Sexual conflict and antagonistic coevolution in the riffle bug genus Austromicrovelia (Heteroptera: Veliidae) (#244)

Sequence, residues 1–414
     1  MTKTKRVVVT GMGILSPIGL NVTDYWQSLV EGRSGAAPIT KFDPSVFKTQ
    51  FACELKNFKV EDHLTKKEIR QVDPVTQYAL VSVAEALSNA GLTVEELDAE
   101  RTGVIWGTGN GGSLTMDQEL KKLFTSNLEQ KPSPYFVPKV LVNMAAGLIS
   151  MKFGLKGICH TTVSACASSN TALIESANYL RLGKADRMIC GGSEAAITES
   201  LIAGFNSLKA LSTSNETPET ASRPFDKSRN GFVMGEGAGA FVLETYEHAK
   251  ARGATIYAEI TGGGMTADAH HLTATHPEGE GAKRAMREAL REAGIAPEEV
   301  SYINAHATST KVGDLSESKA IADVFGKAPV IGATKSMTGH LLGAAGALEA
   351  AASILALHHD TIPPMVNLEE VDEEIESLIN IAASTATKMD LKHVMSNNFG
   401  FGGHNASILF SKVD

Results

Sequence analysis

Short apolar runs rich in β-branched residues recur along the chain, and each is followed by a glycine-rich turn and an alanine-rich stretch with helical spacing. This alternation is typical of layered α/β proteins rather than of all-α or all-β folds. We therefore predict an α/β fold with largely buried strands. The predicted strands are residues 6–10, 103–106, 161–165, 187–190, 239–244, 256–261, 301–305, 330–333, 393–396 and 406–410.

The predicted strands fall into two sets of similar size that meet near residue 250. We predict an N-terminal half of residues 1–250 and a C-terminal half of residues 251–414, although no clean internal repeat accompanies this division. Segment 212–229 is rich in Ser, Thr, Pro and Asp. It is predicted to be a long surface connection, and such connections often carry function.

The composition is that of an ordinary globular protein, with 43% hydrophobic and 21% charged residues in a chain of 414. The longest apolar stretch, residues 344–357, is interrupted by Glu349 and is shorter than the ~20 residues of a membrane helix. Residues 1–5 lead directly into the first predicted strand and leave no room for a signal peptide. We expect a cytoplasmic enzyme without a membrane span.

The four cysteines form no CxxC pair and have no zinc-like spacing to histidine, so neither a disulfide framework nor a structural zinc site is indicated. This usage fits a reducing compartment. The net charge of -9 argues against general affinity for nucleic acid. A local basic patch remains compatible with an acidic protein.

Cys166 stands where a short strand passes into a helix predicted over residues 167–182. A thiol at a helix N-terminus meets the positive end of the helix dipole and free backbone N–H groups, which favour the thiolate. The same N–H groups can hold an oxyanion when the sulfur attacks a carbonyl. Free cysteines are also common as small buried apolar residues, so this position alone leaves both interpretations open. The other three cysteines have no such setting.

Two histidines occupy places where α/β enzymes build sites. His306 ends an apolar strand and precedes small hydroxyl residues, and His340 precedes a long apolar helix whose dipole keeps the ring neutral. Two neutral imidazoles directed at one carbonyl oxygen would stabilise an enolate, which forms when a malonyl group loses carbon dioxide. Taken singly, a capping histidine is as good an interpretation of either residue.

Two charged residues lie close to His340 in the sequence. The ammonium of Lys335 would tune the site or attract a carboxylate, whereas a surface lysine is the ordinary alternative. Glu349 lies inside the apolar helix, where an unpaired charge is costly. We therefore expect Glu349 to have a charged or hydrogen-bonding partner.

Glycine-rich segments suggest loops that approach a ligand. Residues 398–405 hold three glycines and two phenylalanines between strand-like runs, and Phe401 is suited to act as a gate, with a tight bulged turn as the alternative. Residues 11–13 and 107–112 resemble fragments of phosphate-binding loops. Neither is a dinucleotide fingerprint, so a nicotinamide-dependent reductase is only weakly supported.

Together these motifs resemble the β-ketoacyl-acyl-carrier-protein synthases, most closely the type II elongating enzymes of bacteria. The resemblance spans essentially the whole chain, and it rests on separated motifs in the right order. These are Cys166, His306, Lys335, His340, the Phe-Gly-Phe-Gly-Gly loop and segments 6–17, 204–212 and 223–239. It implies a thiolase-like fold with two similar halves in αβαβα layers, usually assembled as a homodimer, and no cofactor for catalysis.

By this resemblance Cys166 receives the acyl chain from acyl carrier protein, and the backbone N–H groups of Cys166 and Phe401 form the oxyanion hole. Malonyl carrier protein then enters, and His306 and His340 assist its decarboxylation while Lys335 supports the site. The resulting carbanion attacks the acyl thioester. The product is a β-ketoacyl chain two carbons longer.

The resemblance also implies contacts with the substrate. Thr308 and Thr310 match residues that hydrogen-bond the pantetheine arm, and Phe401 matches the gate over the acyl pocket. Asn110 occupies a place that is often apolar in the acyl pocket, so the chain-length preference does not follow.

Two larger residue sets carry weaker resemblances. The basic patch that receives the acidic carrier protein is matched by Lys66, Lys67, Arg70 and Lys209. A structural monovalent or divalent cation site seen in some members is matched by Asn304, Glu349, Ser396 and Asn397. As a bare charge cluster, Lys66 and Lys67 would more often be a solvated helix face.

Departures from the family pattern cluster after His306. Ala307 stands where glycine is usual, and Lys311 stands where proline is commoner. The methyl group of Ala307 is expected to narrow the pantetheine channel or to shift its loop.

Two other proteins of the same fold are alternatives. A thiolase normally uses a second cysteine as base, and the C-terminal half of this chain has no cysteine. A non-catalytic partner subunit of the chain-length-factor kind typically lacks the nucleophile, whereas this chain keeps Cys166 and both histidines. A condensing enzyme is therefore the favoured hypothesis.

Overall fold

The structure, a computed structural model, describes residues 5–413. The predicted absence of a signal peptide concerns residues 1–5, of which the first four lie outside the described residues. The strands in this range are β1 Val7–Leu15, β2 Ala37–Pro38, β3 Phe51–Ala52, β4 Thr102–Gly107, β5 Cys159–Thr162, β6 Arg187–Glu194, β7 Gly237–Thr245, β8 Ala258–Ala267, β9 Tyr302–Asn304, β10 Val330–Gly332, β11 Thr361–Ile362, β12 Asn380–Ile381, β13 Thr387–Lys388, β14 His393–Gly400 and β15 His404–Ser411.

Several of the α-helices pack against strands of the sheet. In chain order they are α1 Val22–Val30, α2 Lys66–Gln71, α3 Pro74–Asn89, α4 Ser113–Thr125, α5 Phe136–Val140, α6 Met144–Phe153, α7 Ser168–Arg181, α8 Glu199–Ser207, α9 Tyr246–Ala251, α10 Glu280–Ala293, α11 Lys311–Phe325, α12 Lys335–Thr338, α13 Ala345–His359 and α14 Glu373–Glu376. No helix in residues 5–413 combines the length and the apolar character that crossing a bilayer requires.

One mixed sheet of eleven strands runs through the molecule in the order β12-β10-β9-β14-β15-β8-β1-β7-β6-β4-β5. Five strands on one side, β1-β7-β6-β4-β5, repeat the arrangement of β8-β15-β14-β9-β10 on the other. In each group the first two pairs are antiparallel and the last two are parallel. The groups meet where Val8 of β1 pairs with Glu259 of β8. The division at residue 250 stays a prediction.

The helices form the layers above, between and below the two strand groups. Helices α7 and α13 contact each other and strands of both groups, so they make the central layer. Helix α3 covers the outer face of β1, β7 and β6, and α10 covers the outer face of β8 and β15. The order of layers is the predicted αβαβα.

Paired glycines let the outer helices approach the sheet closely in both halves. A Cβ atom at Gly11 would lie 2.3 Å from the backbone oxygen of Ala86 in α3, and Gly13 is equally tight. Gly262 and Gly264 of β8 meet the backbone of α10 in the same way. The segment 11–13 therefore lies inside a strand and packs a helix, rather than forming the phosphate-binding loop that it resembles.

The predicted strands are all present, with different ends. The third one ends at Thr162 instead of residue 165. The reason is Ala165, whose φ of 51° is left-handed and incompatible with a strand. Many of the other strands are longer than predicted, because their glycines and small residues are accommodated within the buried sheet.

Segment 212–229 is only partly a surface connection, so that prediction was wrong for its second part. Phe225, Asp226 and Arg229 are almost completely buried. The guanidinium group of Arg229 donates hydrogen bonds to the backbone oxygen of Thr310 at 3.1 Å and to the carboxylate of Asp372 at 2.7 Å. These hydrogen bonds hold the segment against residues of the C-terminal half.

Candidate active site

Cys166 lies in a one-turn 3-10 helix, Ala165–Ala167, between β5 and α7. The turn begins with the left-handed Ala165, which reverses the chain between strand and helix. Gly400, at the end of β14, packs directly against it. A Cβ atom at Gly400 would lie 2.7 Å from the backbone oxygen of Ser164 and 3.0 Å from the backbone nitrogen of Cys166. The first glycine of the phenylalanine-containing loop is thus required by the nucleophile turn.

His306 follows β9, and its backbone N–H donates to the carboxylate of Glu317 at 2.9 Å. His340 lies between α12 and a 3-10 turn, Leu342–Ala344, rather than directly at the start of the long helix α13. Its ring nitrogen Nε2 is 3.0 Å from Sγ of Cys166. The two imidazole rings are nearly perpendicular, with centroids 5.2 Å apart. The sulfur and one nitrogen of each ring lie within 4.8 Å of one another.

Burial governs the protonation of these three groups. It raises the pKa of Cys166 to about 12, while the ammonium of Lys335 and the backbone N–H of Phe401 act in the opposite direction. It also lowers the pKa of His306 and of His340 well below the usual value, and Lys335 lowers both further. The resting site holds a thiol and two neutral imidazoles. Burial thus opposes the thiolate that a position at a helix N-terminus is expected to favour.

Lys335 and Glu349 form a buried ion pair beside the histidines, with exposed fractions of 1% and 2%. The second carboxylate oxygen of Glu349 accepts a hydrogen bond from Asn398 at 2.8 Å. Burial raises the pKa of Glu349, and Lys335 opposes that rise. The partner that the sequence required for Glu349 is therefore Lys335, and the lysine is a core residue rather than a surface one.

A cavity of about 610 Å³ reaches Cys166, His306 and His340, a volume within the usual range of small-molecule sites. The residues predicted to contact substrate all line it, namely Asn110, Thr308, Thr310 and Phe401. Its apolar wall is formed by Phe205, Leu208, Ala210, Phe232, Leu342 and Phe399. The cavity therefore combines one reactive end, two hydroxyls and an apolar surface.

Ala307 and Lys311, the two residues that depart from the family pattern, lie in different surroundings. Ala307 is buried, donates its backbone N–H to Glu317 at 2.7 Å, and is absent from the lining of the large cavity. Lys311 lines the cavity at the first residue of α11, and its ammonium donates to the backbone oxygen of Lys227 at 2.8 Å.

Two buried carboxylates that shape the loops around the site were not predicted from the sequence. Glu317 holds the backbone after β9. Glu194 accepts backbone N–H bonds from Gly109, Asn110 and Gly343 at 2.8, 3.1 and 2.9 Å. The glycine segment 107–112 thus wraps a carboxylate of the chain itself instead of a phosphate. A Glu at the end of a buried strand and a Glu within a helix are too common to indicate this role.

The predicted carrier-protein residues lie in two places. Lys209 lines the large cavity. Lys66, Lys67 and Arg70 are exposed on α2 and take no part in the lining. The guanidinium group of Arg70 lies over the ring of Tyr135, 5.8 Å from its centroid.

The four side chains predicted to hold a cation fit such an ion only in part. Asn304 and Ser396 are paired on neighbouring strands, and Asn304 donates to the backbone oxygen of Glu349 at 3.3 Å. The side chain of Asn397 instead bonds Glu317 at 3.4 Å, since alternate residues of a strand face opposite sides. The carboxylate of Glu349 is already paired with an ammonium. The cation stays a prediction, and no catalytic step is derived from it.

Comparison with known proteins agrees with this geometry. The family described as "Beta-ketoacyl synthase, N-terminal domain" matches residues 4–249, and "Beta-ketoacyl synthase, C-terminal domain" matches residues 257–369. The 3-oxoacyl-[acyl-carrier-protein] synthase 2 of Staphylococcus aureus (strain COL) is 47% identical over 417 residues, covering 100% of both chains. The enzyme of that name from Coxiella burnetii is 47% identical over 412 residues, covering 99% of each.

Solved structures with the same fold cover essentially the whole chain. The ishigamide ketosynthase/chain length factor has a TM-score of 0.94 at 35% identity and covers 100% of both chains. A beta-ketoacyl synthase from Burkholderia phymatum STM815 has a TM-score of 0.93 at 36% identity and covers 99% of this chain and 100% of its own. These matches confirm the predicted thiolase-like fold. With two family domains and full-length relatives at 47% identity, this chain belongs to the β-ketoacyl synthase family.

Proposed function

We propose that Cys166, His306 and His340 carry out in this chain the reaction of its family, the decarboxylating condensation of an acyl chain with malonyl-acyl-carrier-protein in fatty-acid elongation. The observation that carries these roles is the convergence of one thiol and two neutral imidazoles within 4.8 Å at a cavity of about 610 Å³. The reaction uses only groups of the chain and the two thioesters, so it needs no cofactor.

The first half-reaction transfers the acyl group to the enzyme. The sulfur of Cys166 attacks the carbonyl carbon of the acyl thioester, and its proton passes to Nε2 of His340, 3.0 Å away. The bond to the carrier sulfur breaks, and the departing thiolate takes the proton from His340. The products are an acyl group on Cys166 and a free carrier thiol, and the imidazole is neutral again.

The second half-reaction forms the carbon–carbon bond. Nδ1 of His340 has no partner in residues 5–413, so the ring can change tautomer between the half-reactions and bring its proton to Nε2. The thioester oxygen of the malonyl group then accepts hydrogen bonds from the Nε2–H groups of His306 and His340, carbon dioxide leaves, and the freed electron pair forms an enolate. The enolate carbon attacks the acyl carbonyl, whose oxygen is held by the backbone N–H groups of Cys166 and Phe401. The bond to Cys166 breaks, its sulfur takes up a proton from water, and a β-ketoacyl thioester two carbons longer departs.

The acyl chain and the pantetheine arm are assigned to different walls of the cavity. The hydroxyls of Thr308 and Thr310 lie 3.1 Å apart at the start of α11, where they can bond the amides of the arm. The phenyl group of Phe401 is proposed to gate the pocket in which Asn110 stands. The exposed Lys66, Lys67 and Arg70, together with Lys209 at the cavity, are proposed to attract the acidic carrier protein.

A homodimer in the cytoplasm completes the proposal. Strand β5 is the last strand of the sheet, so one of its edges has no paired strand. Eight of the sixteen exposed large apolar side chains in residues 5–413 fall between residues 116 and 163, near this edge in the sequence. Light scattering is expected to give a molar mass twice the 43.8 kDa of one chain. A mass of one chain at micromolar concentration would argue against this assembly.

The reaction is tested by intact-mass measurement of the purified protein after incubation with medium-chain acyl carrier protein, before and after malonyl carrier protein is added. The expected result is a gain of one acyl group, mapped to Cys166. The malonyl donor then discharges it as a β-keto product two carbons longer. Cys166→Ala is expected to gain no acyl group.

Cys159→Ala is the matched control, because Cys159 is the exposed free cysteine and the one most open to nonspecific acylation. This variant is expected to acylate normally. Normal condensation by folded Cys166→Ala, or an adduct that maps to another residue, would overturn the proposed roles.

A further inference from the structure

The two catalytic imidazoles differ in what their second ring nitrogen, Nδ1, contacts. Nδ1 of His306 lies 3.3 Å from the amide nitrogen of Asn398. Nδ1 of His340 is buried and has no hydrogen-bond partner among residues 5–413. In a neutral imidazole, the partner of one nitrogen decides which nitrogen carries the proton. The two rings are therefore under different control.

Sexual conflict is thought to be a significant driving force in the evolution of sexual dimorphism, and underpins the sexually dimorphic grasping and anti-grasping structures found in many water strider species (Gerridae). By examining video recordings of premating struggles in the Australian riffle bug genus Austromicrovelia, we show that as in the gerrids, the Veliidae may face similar selective pressures, which may lead to conflict between the sexes. From our video recordings we identify putative male and female conflict traits that interact with one another and are thus predicted to coevolve. We then use phylogenetic comparative methods to test for patterns of male and female coevolution, which are consistent with a sexually antagonistic arms race.